Counting The Days
Editorial from the Akron Beacon Journal
November 25, 2013
 
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The Ohio Senate, splitting along party lines, approved a bill last week that would shorten the time period for a popular voting option, casting an early ballot in person. While the vote was another unfortunate sign that a bipartisan approach to election reform is lacking, the bill sponsored by state Sen. Frank LaRose, a Copley Township Republican, would leave Ohio a leading state when it comes early voting.

The bill does not address the days and hours for early voting, which became the subject of bitter lawsuits during the 2012 presidential election. Instead, it concerns the “Golden Week,” when voters in Ohio may register and cast a ballot at the same time.

In the past, there has been bipartisan agreement to end the awkward overlap, resulting from early voting starting 35 days before Election Day, while the deadline for voter registration is 30 days before the election. By eliminating the overlap, the Republican-backed bill would shorten the period for early voting to 29 or 28 days, depending on the year.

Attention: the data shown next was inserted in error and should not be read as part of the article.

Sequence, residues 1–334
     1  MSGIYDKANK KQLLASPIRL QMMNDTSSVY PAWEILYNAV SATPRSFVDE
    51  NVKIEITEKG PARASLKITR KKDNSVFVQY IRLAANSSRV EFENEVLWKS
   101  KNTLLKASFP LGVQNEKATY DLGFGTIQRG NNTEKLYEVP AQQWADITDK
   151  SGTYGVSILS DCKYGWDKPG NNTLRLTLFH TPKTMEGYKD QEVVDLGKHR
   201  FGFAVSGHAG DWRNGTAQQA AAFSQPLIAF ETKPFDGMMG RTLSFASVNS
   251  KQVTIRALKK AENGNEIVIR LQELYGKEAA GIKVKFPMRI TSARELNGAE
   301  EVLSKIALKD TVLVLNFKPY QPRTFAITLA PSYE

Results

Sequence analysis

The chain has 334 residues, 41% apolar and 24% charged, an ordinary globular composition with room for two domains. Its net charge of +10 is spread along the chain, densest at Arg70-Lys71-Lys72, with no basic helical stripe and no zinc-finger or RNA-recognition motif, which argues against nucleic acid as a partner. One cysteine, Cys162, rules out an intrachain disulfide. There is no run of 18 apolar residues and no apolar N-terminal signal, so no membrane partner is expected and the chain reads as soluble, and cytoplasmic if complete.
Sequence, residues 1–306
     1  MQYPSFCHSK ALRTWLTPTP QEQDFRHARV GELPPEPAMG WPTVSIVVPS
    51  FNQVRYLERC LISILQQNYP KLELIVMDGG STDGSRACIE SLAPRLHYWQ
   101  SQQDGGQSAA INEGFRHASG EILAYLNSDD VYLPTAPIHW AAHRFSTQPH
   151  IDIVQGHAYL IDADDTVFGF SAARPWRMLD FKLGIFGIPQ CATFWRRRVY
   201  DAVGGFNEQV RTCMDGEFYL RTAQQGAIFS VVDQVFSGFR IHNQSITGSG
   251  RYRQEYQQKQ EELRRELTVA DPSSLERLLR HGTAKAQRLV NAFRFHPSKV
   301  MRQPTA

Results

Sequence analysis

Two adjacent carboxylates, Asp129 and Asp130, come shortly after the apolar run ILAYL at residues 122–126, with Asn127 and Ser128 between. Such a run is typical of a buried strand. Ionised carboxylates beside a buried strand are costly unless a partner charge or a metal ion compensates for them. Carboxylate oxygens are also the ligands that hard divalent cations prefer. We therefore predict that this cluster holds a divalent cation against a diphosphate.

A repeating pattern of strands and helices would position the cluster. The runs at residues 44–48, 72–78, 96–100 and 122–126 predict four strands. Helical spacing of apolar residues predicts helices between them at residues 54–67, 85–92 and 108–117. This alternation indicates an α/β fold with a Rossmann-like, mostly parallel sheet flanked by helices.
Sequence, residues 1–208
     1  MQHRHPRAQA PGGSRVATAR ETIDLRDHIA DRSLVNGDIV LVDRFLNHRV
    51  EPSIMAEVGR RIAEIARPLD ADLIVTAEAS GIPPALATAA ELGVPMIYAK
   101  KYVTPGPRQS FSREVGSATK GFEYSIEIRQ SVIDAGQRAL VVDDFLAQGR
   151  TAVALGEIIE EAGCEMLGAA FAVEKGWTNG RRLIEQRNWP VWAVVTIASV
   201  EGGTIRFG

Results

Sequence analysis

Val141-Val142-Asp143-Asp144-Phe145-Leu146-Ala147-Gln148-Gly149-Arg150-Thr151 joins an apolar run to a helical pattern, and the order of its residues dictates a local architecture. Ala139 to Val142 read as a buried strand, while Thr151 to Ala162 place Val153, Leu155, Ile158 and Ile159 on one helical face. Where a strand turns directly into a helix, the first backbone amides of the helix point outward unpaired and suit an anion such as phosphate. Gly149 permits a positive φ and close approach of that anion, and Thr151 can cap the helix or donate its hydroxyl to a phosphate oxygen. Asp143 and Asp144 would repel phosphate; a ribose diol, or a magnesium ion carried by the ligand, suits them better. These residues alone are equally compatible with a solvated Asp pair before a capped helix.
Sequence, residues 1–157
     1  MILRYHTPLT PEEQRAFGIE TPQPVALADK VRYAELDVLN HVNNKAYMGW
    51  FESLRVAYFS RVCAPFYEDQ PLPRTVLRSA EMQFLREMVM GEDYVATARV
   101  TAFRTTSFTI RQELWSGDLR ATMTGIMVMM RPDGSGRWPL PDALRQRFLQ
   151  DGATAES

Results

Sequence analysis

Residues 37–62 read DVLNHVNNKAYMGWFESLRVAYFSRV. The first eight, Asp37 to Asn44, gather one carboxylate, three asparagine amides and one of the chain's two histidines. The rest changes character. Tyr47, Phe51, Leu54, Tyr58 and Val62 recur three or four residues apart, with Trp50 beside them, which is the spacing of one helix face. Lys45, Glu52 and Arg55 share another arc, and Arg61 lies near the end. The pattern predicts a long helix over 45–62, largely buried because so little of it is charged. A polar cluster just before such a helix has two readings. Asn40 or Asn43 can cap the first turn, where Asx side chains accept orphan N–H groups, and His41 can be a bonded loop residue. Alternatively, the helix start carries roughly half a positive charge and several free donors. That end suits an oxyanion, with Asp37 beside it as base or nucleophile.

That still would leave plenty of time, especially because Ohio voters have the option of mailing in absentee ballots without specifying a reason for not voting on Election Day, an absentee ballot application sent to every voter.

Know that many large states lack any early voting, among them, Michigan, New York and Pennsylvania. (Those states lack no-excuse absentee voting, too.) Virginia, a top battleground state much like Ohio, does not have early voting and no-excuse absentee voting. If the LaRose bill becomes law, Ohio would remain ahead of the average time period for early voting, 22 days.

With other bills in the works that would set the hours and days for early voting, Ohioans should be wary of further cutbacks. It makes sense to preserve early voting on at least two Saturdays and Sundays before Election Day, in even-numbered years. Moving forward, both sides must recognize the need to balance the priorities of large and small counties in setting uniform hours for early voting, avoiding costly litigation sure to result if some are treated differently than others.

 
 
 
  
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